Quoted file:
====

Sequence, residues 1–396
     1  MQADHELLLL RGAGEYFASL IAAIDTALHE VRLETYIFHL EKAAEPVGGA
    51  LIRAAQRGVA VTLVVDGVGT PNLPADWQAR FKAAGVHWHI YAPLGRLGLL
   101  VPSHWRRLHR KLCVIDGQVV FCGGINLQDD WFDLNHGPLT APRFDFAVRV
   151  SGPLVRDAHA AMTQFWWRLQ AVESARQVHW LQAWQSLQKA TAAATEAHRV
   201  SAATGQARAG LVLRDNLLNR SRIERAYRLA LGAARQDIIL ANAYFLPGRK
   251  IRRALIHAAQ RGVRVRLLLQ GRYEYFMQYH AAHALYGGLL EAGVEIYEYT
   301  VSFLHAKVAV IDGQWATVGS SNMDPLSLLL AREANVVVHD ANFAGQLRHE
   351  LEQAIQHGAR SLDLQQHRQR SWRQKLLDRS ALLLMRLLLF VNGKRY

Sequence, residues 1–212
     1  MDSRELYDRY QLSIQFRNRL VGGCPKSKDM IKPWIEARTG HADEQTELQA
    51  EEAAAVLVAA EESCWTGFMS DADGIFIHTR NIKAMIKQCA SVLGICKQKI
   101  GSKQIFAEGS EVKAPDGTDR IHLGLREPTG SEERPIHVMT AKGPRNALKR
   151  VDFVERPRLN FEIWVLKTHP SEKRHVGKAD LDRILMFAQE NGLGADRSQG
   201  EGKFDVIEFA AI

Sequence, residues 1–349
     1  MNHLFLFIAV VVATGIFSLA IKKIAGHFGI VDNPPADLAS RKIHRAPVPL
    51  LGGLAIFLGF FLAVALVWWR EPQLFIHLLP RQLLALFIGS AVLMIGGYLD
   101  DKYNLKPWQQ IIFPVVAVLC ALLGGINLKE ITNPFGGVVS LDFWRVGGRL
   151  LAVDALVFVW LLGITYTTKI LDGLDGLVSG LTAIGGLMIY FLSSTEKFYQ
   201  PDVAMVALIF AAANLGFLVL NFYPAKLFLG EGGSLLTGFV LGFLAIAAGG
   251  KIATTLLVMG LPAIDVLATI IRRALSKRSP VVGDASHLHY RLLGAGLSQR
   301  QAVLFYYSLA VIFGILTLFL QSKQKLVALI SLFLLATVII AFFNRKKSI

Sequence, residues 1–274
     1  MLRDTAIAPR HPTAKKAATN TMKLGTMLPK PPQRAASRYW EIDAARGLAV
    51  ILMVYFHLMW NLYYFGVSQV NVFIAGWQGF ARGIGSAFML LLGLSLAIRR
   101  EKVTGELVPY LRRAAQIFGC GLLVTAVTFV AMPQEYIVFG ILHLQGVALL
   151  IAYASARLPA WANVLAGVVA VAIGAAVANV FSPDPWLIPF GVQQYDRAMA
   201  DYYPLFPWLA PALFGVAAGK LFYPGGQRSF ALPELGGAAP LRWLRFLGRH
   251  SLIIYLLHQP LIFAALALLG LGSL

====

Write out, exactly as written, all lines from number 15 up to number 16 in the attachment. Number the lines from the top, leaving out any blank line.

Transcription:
   201  EGKFDVIEFA AI

Sequence, residues 1–349